Comparison of languages

alexfjelldal's picture

Hi
Does anyone know of a comparison of languages in terms of how much space they occupy in text? I once designed a bilingual annual report, with both norwegian and english text. The english part was an unabbreviated translation of the norwegian version.

When i started the project, i figured the norwegian version would need more space. It turned out the opposite was true.

An index for different languages would sure be useful, especially when planning larger projects. it could look like this (i set english=100)

German = 112
English = 100
Norwegian = 93

Of course, this wouldn't apply for poetry etc, and i guess there would be differences between e.g. fiction and scientific litterature.

alex

tomdonahue's picture

The english part was an unabbreviated translation of the norwegian version.
When i started the project, i figured the norwegian version would need more space. It turned out the opposite was true.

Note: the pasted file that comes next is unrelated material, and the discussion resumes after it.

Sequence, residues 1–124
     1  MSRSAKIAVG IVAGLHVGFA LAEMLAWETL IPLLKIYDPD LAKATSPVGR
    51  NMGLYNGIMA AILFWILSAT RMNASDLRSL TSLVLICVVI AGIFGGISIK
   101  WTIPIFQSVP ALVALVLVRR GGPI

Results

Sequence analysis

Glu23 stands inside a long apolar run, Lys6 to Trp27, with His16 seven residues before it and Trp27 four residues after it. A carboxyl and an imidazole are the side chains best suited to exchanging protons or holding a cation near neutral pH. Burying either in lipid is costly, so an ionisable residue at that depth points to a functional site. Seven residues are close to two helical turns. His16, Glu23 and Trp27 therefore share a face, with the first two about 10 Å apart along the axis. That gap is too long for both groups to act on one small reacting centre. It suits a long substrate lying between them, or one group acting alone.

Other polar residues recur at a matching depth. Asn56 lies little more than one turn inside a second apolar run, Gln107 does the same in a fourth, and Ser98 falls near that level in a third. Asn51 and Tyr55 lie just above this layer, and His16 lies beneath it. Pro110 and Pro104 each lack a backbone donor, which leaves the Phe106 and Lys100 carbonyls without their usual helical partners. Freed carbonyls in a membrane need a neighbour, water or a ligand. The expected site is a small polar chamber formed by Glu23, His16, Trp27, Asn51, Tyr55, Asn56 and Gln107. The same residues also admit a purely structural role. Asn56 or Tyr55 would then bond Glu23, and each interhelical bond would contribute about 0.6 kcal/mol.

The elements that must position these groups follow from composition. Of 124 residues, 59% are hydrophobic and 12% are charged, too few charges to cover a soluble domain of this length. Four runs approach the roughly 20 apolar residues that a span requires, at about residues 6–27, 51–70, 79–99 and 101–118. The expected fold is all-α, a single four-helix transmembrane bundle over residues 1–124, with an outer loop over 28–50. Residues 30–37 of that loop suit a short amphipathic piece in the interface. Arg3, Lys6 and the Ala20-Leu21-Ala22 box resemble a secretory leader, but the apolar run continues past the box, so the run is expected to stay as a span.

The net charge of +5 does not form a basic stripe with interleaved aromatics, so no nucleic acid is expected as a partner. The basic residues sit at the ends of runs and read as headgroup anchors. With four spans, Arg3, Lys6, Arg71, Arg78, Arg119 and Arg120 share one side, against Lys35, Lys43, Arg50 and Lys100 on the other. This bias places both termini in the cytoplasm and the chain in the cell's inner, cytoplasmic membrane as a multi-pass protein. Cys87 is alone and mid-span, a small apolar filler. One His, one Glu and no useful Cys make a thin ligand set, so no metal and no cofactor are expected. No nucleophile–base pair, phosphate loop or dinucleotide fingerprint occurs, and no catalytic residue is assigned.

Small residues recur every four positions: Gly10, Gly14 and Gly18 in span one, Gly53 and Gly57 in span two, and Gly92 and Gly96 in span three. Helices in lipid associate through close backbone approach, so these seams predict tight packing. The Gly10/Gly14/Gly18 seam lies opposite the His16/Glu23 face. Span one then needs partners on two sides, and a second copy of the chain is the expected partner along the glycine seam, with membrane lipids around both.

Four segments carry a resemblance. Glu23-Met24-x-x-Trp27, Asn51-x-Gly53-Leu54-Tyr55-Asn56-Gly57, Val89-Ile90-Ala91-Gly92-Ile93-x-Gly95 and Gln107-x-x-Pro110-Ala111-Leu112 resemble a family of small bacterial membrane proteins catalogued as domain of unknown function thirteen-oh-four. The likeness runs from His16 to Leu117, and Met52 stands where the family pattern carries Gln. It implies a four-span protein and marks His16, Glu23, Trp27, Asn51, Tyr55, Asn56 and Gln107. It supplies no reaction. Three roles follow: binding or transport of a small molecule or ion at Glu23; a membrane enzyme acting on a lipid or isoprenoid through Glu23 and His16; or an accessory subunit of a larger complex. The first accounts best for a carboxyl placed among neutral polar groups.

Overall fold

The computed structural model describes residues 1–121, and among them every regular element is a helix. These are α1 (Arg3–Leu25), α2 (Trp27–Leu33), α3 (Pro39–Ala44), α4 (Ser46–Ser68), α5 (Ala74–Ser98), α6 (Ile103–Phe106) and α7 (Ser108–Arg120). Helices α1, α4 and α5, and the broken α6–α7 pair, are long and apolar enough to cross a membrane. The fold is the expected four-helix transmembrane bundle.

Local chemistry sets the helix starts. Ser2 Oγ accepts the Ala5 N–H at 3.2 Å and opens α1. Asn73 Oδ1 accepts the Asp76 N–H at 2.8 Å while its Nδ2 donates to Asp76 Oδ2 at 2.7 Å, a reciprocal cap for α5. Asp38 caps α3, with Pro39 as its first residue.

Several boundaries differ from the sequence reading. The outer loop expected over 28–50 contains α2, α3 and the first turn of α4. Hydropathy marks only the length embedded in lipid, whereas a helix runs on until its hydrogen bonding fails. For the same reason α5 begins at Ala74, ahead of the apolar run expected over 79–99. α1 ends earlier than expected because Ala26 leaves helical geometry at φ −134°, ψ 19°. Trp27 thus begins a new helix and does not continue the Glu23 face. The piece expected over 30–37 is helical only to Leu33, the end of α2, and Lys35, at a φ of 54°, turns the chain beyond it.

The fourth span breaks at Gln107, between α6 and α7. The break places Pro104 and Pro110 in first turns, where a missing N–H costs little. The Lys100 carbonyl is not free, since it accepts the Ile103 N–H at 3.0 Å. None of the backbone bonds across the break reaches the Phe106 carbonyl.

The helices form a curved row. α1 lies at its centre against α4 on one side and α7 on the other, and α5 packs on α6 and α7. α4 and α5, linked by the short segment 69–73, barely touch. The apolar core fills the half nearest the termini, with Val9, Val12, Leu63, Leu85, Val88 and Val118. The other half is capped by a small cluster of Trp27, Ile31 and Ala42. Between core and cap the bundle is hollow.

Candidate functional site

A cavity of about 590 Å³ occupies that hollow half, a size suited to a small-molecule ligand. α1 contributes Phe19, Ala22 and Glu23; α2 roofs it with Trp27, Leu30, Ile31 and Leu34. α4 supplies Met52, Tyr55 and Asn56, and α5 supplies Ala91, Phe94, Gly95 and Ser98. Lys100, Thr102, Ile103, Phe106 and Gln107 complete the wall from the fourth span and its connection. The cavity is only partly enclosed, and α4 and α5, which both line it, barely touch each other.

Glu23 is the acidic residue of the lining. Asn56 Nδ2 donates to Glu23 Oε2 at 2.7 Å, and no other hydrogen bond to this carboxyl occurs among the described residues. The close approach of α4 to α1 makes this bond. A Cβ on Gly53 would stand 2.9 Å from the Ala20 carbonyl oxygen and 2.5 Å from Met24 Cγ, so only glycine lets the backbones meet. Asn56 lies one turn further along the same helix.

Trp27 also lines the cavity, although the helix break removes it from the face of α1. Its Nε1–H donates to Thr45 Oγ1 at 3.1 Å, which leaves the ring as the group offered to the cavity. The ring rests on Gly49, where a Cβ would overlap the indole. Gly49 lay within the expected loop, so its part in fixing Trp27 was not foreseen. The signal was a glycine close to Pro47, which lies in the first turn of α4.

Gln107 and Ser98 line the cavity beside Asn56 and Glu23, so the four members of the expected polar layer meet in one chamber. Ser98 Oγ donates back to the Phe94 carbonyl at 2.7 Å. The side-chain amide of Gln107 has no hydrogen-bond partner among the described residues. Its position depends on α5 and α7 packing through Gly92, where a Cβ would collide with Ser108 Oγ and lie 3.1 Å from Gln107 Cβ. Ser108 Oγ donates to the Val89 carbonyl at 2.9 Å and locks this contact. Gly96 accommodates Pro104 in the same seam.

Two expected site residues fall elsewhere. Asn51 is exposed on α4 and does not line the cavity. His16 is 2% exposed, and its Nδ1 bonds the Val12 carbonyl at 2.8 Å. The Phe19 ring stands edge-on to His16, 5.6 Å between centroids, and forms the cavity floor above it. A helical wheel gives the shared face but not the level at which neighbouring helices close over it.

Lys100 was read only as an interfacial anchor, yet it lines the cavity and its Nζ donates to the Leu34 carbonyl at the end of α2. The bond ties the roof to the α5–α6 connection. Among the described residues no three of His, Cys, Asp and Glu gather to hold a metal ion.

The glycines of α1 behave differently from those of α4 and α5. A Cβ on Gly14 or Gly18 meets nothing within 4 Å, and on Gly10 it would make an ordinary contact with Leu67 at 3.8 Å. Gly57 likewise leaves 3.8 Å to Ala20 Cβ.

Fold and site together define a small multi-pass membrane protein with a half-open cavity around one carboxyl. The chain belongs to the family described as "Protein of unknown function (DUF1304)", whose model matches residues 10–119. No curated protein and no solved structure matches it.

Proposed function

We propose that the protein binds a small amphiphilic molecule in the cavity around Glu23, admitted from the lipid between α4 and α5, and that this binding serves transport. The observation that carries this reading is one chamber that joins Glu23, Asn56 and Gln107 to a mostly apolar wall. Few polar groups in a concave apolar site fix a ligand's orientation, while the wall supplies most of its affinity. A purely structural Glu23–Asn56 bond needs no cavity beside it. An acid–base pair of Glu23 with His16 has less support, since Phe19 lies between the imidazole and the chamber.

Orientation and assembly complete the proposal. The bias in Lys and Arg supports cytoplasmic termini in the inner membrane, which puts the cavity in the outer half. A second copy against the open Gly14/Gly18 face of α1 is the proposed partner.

This is generally true. The source language is the most compact, as it is using native words for native ideas.

There is a table of lengths for translations from English here. (Note that the Asian languages at the bottom seem very compact, but in fact they are longer on the page.)

Linda Cunningham's picture

I'm sure glad they included Klingon in that list -- I can't tell you how many clients I get wanting a length comparison for it. ;-)

(Neat page, Tom, and one I've bookmarked for future use.)

pattyfab's picture

ROFL!

Interesting about the Irish - always knew there was a lot of blarney there.

will powers's picture

Maxim Zhukov produced some years ago two editions of a book dealing with multilingual typography. I have found them helpful. There is comparative data about relative lengths of languages as well as commentary about special considerations for each language under consideration. I do not know if Norwegian is included [the book's at home; I'm at work].

The book is "Typography: Polyglot" (1991, Cooper Union), written with George Sadek. The second edition is "Typographia Polyglotta" (1997, ATypI / Cooper Union). It may be tough to find this many years on.

powers

hrant's picture

Zhukov & Sadek's book is indeed extemely useful. But you also need to
account for the direction of translation, which typically adds ~15%.

hhp

Syndicate content Syndicate content